[fi-ley, fil-ey; French fee-le]

noun, plural fi·lets [fi-leyz, fil-az; French fee-le] /fɪˈleɪz, ˈfɪl æz; French fiˈlɛ/, verb (used with object) Unabridged Based on the Random House Unabridged Dictionary, © Random House, Inc. 2019

Examples from the Web for filet

Contemporary Examples of filet

  • After all, if the insurer is paying all your grocery claims, why not load up on filet mignon instead of ground turkey?

  • A day long (or multiday) sous vide cook can turn cheap cuts of meat as tender and tasty as filet.

    The Daily Beast logo
    A Declaration of Financial Independence

    Megan McArdle

    February 26, 2013

  • Carefully place the egg yolk into the pocket that has been created in the filet and seal with a wooden skewer.

    The Daily Beast logo
    Fresh Picks

    Markus Glocker

    July 6, 2010

  • Filet Mignon and Shrimp Fondue by Lou Seibert Pappas This is a classic Christmas Eve dinner fondue.

    The Daily Beast logo
    The Perfect Fondue

    March 2, 2010

  • Skip the sirloin or prime rib; instead, order the filet and a baked potato with sour cream and chives.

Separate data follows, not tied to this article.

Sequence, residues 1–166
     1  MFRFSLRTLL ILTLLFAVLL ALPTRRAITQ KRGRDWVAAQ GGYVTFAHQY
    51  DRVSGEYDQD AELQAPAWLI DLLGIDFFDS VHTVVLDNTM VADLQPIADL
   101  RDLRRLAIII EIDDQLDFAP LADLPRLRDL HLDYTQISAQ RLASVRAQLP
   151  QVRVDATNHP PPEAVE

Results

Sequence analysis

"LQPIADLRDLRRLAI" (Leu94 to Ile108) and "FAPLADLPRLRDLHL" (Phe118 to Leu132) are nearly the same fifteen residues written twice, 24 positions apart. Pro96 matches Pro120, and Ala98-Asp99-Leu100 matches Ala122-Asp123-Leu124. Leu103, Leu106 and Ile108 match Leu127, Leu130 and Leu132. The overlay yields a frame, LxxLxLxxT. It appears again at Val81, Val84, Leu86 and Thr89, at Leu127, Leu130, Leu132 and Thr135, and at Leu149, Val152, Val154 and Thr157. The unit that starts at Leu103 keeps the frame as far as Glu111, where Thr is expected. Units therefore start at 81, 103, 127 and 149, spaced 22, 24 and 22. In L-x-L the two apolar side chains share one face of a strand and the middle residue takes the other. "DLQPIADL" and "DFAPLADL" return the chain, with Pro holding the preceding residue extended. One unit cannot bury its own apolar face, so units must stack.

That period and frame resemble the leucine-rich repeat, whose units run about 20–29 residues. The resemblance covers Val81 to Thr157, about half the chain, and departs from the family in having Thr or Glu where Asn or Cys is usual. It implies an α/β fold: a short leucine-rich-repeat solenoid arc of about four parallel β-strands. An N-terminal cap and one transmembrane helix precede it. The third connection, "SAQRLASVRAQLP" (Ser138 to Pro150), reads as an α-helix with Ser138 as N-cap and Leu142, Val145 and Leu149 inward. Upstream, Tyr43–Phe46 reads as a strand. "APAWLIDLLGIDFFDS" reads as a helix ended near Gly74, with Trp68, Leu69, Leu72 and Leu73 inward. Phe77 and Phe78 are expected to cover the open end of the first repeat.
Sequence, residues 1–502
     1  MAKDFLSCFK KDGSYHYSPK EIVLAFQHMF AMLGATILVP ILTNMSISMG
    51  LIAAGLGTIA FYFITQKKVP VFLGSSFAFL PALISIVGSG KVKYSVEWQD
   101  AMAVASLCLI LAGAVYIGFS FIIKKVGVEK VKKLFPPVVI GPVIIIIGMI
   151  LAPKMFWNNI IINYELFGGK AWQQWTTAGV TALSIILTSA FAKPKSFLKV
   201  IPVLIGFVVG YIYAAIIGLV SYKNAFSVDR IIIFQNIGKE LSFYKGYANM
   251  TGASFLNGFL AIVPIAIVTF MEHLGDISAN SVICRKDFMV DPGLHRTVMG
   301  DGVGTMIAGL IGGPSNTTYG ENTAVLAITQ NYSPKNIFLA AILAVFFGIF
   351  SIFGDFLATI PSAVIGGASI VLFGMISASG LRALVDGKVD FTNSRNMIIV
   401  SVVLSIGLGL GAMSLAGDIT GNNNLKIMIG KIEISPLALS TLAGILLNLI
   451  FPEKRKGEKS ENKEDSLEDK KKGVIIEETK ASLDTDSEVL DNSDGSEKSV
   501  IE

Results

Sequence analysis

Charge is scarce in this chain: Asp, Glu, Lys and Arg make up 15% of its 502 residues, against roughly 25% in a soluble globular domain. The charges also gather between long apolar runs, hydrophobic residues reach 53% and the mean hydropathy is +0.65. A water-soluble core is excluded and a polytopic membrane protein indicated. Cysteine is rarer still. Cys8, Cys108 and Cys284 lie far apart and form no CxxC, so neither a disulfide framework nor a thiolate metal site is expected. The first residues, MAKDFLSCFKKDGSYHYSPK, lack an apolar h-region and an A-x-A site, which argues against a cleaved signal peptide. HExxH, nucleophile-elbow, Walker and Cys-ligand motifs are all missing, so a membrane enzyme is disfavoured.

The Daily Beast logo
    Gal With a Suitcase

    Jolie Hunt

    December 5, 2009

Historical Examples of filet

  • No cover for one, nor filet, nor vin ordinaire, nor waiter had appeared.

    The Underdog

    F. Hopkinson Smith

  • Filet of sole and that nice sauce that Lucy knows I love; how nice.


    Dorothy Whitehill

  • The filet was done to a turn, and there was just enough seasoning on the mushrooms.

    The Story of Glass

    Sara Ware Bassett

  • The filet can also be larded with bacon and cooked in butter and Marsala only.

  • Here was the makings of a "filet de boeuf" fit for Epicurius himself.

    The Greater Love

    George T. McCarthy

British Dictionary definitions for filet



Word Origin for filet

C20: from French: net, from Old Provençal filat, from fil thread, from Latin fīlum
Collins English Dictionary - Complete & Unabridged 2012 Digital Edition © William Collins Sons & Co. Ltd. 1979, 1986 © HarperCollins Publishers 1998, 2000, 2003, 2005, 2006, 2007, 2009, 2012

Word Origin and History for filet

1841 in cookery, reborrowing from French of the same word that had been taken 14c. and anglicized as fillet (q.v.). Filet mignon is attested as a French word in English from 1815.

The 'Chateaubriand,' the 'entrecôte,' and the 'filet mignon' (of mutton), with other forms, are all due to the more enlarged sympathies of the French butcher for what is perfect. We must entirely change the mode of cutting up the carcase before we can arrive at the same perfection in form of meat purchasable, and as that is hopeless, so is it useless to insist further on the subject on behalf of the public. ["The Kitchen and the Cellar," "Quarterly Review," April 1877]
Online Etymology Dictionary, © 2010 Douglas Harper